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personal recollection of the deep impression produced by the "low deep accent of apprehension, or of conscious conspiracy which she sustained throughout, especially as it influenced the utterance of her Medean invocation to the
Spirits that tend on mortal thought,
and still more in the subsequent scene, where she chastises with her valour the hesitation of Macbeth". The sleep-walking scene was, he adds, so tremendous that whether literal in its truth to nature or not, with such a character, gnawed with the Promethean agonies of crime, it ought to have been natural. Her Queen Katharine is described by the same writer as only inferior to the sublimity of Lady Macbeth, yet hardly comparable with that part as being of so different a kind: "The manner in which she retired from the trial scene was equal to her grandeur at the banquet in Macbeth, and the sensibility with which she uttered 'God help me!' as she quitted the room, was perhaps the most exquisitely just expression of grief and feeling ever uttered in representation. I should, however, only tire in prolonging the description of her dignity and sensibility. Her excellence in these two great and rare qualities constituted the main ingredient of her amazing sorcery." Mrs. Siddons retired from the stage in June 1812, closing her great career in the part of Lady Macbeth. Her rare appearances on subsequent occasions ceased in 1819. The greatest of tragic actresses was a true and admirable woman in her domestic life; she had toiled for her children and endured with courageous resignation the sorrow
of surviving all of them but one. When her death took place on June 8, 1831, it was felt that a light and glory of England had been extinguished.
§ 66. Sarah Siddons' brother, Charles Kemble, became, by force of some native talent and much careful study, a graceful and refined actor. His Cassio, Faulconbridge, Macduff, Edgar, were each the best rendering of the part in his time. But his fame was obscured by the greater glory of his elder brother, John Philip Kemble. After some training at provincial theatres he appeared in 1783 at Drury Lane as Hamlet, and it was quickly felt that a new and distinguished actor had come upon the boards. Two years later he played Othello to his sister's Desdemona, and Macbeth to his sister's Lady Macbeth. His Lear, played in 1788 to his sister's Cordelia, was one of his most admirable performances. But it was in his Roman parts that John Kemble, with his noble figure and stately manner, showed to most advantage; in particular he identified himself with Shakespeare's Coriolanus. "Had he only acted in that character," writes a critic who was not insensible to the weaknesses of Kemble's stately mannerism, "he would have been deemed the very greatest male actor ever seen; it was in all points of conception, look, and utterance equal to the Lady Macbeth of Mrs. Siddons. In no other part whatever did he, or could he, attain equal eminence." John Kemble had received a liberal education at Douay, and he possessed in addition to his genius as an actor, something of a scholar's feeling for precision of detail in the representation of a play and in the arrangements of the stage. He had the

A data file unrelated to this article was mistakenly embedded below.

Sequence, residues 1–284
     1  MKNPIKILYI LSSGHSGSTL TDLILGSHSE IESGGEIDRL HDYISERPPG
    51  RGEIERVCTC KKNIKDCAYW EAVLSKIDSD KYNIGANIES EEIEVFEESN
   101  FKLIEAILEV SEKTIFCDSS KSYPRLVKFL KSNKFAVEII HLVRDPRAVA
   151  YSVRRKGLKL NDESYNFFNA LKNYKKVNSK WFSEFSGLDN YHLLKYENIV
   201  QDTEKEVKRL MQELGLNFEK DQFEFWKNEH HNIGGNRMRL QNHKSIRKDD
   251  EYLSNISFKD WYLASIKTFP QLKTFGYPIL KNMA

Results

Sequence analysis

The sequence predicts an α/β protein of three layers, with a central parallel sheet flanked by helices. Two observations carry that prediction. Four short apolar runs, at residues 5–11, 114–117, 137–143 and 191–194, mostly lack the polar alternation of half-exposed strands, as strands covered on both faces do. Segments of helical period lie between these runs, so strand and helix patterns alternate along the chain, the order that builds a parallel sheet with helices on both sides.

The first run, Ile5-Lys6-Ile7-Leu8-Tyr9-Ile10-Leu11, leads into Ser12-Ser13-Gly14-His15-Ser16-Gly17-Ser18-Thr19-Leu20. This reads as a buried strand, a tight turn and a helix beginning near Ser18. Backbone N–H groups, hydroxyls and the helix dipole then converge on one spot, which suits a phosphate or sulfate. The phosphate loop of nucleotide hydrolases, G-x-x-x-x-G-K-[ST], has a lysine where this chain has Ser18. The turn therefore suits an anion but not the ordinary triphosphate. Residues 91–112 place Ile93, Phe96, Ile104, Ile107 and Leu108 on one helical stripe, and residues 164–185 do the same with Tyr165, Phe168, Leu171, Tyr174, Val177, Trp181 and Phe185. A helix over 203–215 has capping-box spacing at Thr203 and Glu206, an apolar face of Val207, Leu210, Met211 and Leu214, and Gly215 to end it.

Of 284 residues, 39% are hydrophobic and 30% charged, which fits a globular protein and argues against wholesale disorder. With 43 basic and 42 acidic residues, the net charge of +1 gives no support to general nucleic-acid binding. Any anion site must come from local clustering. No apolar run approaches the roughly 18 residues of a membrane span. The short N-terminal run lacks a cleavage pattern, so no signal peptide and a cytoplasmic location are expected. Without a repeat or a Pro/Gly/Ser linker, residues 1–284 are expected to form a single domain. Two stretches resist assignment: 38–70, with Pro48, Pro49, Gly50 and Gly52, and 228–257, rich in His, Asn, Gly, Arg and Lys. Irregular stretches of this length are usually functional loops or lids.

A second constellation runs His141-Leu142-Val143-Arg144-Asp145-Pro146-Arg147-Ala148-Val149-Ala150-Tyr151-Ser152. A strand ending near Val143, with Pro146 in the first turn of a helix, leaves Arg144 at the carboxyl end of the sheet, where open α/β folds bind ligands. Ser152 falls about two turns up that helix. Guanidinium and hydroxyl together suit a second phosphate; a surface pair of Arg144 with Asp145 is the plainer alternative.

disadvantage of a weak voice; but his clear and measured elocution added a beauty to poetry if it were eloquent and rhetorical. He often failed to interpret the quick and various turns of passion, but where a steadfast strength of feeling or pathos, allied to dignity, demanded expression, he was in a high degree impressive.
§ 67. The Kemble dynasty, if it did not fall, tottered before the irresistible onset of Edmund Kean's genius. For sheer force of that which can only be conferred by divine gift-genius in the exposition of passion-Kean probably ranks highest among all actors of our English race. Each of his greater renderings of Shakespeare was an inspired commentary on the inmost spirit of the play. His imaginative energy of feeling penetrated to the heart of the mystery of each character which he assumed, or, to speak more correctly, which for the time he became. Even as we read the poor records and analyses of his presentations of Shakespearian characters, they are a light and a guide to criticism.